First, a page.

The Easter Bunny can often be seen delivering (and hiding) Easter eggs during its mid-spring festival. Because of its prolific breeding, the rabbit and the hare have been symbols of fertility and spring since ancient times and the imagery of those two animals has been somewhat interchangeable over the millennia1,2. In the first century, the Roman academic Pliny noted that rabbit and hare paraphernalia were used for magical purposes, and "both were used as charms against sterility or to encourage pregnancy and easy childbirth"1. Although this prominent pagan symbol of Easter and spring continued to be used after Christianity took over Easter, unlike other symbols of Easter it "has never received any specific Christian interpretation"2.
In recent centuries, the Easter Bunny has started to take on some of the features of Santa Claus, in that it is hinted that good children will be gifted more than misbehaved children. Actual belief in the Easter Bunny as a real entity, that really does deliver Easter eggs is typically held by children up to age 8, although disbelief was found to be decreasing at age 6 as children start to discount illogical, unlikely and magical justifications from their worldviews3. But it wasn't always a children's icon, and the phrase "breeding like rabbits" is often used to refer to large human families, reminding us of the sexual side of fertility rites. According to the The Encyclopedia of Religion, in Greek and Roman times, the Hare was "pleasing to Aphrodite and sacred also to Eros [and] especially associated with Dionysos, the god not only of love, fertility and life but also of death and immortality [and] represents the love that will conquer death. [...] Early Christians accepted this rabbit symbolism and depicted rabbits on gravestones. In modern times, the Easter Bunny, whose eggs represent the source of life, seems to be a continuation of archaic religious values"4. An unexpected twist in this is that the moon is also associated with the cycles of nature, and the rabbit and the moon have often been symbolically intertwined, although this rarely features as a part of Easter celebrations nowadays:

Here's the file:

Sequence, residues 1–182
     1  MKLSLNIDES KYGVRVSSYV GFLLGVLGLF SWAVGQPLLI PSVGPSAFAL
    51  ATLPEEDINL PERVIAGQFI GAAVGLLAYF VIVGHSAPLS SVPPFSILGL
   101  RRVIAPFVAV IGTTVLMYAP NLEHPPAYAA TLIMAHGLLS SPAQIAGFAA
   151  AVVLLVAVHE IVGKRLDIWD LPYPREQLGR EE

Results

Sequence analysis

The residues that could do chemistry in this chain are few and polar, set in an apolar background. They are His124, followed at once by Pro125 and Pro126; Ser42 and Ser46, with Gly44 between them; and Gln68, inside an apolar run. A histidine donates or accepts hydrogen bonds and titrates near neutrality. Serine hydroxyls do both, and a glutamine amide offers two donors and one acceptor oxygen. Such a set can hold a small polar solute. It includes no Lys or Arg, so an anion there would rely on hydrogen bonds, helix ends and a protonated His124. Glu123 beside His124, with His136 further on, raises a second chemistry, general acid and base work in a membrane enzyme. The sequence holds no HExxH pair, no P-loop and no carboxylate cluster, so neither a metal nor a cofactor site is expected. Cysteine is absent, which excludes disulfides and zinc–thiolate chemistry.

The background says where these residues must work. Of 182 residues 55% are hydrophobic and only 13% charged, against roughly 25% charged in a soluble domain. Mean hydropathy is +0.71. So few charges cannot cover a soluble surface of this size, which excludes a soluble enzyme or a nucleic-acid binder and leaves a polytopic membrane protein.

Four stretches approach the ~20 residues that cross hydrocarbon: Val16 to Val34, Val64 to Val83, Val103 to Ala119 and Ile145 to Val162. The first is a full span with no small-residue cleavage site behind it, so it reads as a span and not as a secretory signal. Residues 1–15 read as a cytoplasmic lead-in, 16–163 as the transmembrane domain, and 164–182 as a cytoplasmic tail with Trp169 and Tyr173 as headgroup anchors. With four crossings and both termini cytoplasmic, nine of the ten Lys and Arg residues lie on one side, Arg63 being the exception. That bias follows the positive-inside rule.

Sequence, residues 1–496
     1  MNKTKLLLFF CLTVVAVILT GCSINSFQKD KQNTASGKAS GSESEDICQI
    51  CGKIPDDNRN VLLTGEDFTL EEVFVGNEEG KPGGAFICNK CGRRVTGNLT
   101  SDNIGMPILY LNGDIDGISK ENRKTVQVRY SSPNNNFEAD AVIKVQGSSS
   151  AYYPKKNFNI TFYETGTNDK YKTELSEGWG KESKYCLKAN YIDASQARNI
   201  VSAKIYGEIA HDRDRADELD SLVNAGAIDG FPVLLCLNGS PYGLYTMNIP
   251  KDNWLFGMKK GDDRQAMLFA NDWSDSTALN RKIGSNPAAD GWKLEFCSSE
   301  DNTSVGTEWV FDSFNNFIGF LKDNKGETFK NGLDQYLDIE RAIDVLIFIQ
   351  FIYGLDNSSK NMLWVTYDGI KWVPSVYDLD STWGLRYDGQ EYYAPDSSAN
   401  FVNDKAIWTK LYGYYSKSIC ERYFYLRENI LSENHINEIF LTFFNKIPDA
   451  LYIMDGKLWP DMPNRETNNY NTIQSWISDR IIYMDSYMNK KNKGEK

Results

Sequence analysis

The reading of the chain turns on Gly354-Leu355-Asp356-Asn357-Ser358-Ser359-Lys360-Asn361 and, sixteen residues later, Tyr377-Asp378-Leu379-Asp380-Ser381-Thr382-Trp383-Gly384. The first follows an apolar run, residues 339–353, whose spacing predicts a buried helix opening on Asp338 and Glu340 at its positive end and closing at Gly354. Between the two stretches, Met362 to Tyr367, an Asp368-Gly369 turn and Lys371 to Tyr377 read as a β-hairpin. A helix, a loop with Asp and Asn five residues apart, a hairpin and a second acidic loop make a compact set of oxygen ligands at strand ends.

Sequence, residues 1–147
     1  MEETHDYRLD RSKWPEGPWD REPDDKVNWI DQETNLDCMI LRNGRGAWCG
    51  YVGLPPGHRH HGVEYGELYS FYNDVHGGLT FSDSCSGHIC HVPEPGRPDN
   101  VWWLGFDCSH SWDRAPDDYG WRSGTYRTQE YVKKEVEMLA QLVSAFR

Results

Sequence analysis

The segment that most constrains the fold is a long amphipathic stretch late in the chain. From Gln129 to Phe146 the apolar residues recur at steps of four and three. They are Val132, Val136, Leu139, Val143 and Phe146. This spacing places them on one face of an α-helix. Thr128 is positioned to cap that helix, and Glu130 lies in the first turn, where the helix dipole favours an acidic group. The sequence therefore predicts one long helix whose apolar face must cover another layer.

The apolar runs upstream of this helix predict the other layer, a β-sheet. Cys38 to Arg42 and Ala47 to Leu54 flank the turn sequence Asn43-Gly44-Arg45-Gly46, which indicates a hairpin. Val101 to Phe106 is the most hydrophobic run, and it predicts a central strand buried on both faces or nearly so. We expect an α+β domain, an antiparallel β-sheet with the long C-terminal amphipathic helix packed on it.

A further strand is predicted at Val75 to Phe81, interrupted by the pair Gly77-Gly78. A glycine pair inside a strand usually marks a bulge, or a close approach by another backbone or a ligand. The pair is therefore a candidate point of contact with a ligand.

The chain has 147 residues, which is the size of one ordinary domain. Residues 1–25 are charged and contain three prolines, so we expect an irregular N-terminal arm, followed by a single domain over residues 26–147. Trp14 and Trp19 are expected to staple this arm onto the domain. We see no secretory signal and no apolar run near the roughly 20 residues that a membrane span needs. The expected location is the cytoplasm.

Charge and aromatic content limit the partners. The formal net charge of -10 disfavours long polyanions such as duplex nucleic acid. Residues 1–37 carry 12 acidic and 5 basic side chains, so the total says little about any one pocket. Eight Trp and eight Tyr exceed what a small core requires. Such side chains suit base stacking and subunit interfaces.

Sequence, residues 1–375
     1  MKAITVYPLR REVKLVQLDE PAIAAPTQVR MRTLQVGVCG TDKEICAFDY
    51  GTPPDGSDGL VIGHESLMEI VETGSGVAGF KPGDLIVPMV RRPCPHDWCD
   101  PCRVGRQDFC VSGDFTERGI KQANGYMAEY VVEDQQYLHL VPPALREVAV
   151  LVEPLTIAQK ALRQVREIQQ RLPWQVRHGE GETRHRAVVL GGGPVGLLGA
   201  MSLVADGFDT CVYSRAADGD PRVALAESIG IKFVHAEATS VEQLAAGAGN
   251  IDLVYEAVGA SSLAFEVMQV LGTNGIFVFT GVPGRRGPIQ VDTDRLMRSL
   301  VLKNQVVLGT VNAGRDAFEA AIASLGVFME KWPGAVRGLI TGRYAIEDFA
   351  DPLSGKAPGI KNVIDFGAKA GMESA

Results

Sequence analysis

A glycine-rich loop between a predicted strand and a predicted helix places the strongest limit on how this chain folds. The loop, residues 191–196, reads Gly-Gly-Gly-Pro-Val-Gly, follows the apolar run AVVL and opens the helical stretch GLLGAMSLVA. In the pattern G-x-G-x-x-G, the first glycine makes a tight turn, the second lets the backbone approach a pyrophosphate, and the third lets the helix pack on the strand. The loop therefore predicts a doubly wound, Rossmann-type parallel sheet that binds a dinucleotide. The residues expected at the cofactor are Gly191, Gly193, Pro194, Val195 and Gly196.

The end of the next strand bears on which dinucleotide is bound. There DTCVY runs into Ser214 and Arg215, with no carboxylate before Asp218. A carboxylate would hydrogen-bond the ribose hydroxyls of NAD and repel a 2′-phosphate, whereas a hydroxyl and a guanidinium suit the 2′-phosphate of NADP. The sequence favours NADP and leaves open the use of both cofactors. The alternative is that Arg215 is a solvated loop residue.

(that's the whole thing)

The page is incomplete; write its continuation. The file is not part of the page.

“The belief that a rabbit dwells in the moon is widely attested not only in Inner Asia, South Asia and East Asia but also in North America, Mesoamerica, and southern Africa. Among the Turco-Mongol peoples of Inner Asia, the shaman hunts a rabbit in the moon during his ecstatic journey to the heavenly world. In China, as early as the Han period, the rabbit is represented on bronze mirrors as inhabiting the moon, pounding the drug of immortality with a pestle and mortar.
The Khoi and the San of the Kalahari in southern Africa also tell of a rabbit in the moon. In Khoi myths of the origin of death, the hare is represented as the careless messenger. Charged by the moon with bringing a message of immortality to mankind, he mistransmitted the good tidings as a message of death. The San have similar stories. [...] In North America, [...the] Great Hare appeared on earth [and he] reconstructed the earth after the deluge. [...] In ancient Mesopotamia and Syria, about the beginning of the second millennium BCE, the hare was imbued with the symbolism of death and rebirth.”
“The word Easter might have derived from a springtime Anglo-Saxon fertility goddess called Eastre (known as Eostre, in German and in Norse as Ostara), whose symbolism included the hare, the moon and eggs5. But that figure is disputed, and others say it derives from the word 'east', 'dawn'6 or from the Norse word for the spring season7. Whichever it is, Easter is steeped in the symbolism of cycle of the sun, which rises in the East, and which in spring fondles the natural world to life. In the Northern Hemisphere, the spring equinox occurs on the 21st of March when the length of the day increases until it is equal with the length of the night8. The sun, growing in power, finally overtakes darkness, and this solar rebirth is celebrated in most ancient pagan religions, where agricultural life depended on the growth of spring. Hence why the images of Easter include two of the most ancient and universal symbols of birth, nature, fertility, life and rebirth: the egg and the rabbit9,10,1,11. We told anthropomorphized stories to explain why the sun, and nature, waxed and waned with the seasons, and thus Adonis, Attis, Dionysus, Osiris and many other Greek and Roman cults celebrated the death and rebirth of their gods at this time of year12. Since the very first centuries CE Christian apologists have had to defend themselves against accusations that the Jesus story was a retelling of pagan myths12. The beloved chocolate egg has now come to be the ubiquitous and central image of Easter and the Easter holidays13, and the Easter Bunny can often be seen delivering (and hiding) them, reminding us that Easter is quintessentially a pagan, sun-worshipping festival.”
(1995, Ed.) New York Public Library Science Desk Reference. Published by The Stonesong Press Inc. and The New York Public Library, New York, USA.
Coleman, J. A.
(2011) The Dictionary of Mythology. Hardback. 2011 edition published by Arcturus Publishing Limited, London, UK. Originally published 2007.
(1987, Ed.) The Encyclopedia of Religion. 16 huge volumes. Eliade is editor-in-chief. Entries are alphabetical, so, no page numbers are given in references, just article titles. Published by Macmillan Publishing Company, New York, USA.
(1996) The Stations of the Sun: A History of the Ritual Year in Britain. 2001 re-issue. Published by Oxford University Press, Oxford, UK.
(2006) The English Year. Hardback. Entries are chronological so I don't give page numbers for references. Published by Penguin Books, London, UK.